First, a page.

"Cornell students dream bigger dreams."

--Frank H.T. Rhodes, Cornell University Commencement, May 28, 1995

Monday, August 25, 2014

40. Niles Donegan

Lyme, New Hampshire · Arts and Sciences


Tell us about what you're doing with your life.
I’m a microbiologist who works on Staphylococcus aureus virulence at Dartmouth.  I earned my Ph.D. at Dartmouth, and stayed to be a research associate, as well as start a biotech called Saureus, which is developing an assay for rapid diagnosis of infectious diseases.  Outside lab, I live just north of Hanover with my wife Rachel and daughter Maeve in a classical New England town called Lyme.  We walk with Maeve to school every day, and at night Maeve and I sing Cornell's “Evening Song” as one of her bedtime songs.  She doesn’t understand “’Tis an echo from the walls...”, but maybe one day she’ll find out for herself.  My wife works at a science museum, where she’s been introducing the modern tinkering and maker ethic to kids and grownups.  We're both enthusiastic about the maker movement and science, which I’m sure means social doom for Maeve when she grows up.

What was your favorite class at Cornell, or the one you found the most useful?

"Ancient Art in Context” absolutely demanded critical thinking and skepticism. After studying Egyptian tombs and pottery, we were set loose on “Chariots of the Gods” and other flim-flammery.  While it wasn’t a seminar with Sagan, it was my first experience at Cornell on how to think critically.
A year of Orgo (Chem359-360-301) was the most useful, as professors Carpenter, Frechet, and Wilcox treated us as young scientists, and hated pre-meds.  We had great assignments, like doing espionage to reverse-engineer perfume scents. By the end, I had a rhythmic feel for how electrons moved in a reaction (a feeling long gone).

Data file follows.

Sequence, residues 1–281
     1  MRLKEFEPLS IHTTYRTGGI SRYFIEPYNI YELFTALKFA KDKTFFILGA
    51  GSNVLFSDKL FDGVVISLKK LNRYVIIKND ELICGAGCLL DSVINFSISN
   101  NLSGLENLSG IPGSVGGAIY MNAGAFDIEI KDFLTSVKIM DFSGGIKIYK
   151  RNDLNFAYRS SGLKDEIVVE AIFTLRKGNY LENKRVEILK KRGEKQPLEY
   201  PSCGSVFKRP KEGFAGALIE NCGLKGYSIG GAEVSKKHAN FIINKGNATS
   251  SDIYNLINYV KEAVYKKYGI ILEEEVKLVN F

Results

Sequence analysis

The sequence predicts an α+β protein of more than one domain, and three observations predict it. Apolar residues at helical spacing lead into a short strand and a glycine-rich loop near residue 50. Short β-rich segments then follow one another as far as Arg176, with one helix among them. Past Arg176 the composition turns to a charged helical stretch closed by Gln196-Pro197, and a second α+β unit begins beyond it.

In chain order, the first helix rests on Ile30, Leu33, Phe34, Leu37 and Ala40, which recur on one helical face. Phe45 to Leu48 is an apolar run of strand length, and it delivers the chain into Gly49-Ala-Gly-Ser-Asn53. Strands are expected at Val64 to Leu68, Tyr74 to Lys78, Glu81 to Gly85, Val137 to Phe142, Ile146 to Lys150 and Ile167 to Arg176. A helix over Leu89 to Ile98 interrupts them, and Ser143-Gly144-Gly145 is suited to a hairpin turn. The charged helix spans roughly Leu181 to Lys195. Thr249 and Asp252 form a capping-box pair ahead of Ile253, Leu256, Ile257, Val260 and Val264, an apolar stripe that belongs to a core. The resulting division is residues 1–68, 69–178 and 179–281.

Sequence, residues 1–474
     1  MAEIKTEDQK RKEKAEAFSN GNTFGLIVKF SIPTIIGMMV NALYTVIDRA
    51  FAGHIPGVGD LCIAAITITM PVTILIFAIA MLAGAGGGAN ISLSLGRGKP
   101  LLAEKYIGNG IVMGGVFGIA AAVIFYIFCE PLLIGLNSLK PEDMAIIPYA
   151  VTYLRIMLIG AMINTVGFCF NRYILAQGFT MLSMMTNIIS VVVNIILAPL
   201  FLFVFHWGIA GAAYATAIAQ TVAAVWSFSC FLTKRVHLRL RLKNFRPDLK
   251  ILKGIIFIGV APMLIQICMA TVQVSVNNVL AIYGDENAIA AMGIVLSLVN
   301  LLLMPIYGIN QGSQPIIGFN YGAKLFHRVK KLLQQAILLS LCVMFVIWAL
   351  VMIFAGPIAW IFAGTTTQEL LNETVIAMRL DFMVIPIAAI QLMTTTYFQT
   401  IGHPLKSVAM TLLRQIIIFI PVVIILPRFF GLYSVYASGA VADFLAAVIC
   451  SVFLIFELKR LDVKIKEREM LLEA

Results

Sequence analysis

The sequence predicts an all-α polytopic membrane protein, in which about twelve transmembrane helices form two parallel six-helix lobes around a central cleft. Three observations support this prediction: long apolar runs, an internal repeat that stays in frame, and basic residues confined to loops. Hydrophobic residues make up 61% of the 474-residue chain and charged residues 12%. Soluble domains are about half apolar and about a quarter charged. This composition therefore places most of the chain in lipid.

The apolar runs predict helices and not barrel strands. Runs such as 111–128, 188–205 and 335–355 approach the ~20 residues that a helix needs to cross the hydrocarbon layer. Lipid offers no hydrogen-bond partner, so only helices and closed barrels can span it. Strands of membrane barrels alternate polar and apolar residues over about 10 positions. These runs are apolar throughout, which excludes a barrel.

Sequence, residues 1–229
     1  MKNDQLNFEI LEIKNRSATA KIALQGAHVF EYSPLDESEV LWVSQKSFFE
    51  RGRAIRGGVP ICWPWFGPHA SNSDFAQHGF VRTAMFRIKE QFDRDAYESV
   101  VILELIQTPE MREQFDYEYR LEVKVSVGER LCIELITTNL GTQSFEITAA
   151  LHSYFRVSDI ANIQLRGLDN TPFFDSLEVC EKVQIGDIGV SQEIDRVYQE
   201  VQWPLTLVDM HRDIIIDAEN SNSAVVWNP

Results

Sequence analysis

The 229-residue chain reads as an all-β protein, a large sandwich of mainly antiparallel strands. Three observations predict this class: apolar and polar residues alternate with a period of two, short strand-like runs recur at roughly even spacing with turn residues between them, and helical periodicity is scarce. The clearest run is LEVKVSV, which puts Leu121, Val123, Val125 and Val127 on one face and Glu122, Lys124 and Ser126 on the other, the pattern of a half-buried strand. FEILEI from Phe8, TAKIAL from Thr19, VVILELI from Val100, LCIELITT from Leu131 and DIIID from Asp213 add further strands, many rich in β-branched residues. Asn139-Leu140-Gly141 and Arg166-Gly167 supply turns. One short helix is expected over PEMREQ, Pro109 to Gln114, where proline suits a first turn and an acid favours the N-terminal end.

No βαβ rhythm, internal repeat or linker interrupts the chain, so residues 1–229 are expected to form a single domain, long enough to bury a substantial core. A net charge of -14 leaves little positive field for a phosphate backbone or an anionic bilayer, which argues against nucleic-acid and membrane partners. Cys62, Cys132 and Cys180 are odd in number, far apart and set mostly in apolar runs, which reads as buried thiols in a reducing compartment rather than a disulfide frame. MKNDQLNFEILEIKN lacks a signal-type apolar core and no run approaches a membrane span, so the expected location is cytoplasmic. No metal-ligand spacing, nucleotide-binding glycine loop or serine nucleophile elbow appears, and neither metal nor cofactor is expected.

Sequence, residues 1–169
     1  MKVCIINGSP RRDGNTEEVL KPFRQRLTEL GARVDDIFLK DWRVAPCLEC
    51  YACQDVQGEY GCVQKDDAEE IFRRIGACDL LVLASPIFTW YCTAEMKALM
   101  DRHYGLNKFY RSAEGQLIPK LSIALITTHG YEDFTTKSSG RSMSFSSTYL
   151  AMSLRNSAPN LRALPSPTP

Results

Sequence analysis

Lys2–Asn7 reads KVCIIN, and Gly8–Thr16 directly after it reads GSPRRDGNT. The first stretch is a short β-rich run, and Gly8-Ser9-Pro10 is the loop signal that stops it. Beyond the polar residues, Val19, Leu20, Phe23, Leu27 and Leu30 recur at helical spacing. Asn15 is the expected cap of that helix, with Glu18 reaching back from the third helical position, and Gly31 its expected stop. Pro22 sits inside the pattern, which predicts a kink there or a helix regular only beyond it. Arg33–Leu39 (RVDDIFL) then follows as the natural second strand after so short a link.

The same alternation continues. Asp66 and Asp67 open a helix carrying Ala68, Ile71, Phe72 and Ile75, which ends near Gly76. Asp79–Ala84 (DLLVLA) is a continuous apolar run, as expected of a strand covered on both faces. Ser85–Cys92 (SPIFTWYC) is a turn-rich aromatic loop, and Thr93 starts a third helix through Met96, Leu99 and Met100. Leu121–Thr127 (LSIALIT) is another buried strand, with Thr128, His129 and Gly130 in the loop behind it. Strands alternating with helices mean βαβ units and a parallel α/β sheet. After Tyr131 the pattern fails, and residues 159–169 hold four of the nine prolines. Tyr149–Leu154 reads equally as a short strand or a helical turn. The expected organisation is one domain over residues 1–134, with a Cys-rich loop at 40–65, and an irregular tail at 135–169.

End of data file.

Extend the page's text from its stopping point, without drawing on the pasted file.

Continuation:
What is your favorite memory of your time at Cornell?

I remember that my roommate Jon and I figured out how to get tons of free stuff in the mail by collecting dining hall UPCs.   Kellogg’s would send a Lego kit FREE for just one UPC, so every day we would grab dozens of UPCs.  The EcoHouse mailroom was not pleased when 600 envelopes arrived.  We donated most, but kept 100 minifigs for Lego flashmobs.  We then expanded UPC acquisitions for 1000 liters of RC-Cola, tested Orgo chemicals on Gak and Wacky-Wall-Walkers, and made a small ball pit from free soccer balls.  Unsurprisingly, Kellogg’s started charging for promotions soon after.

What random or surprising encounters with Cornell or Cornellians have you experienced since you left?

Once, I was sitting with my family outside a country store in Woodstock, Vermont, when I heard the notes of "Annie Lisle" quietly in the distance.  My wife had no idea why my head snapped around, and I eventually found some gentlemen singing near the town green.  They were Sherwoods, and most were at the (infamous) Fall Tonic XII of our freshman year, where the Hangovers realized that champagne and velvet curtains just don’t mix.  The Sherwoods graciously covered my terrible signing voice in another round of the Alma Mater, and I returned elated back to my family.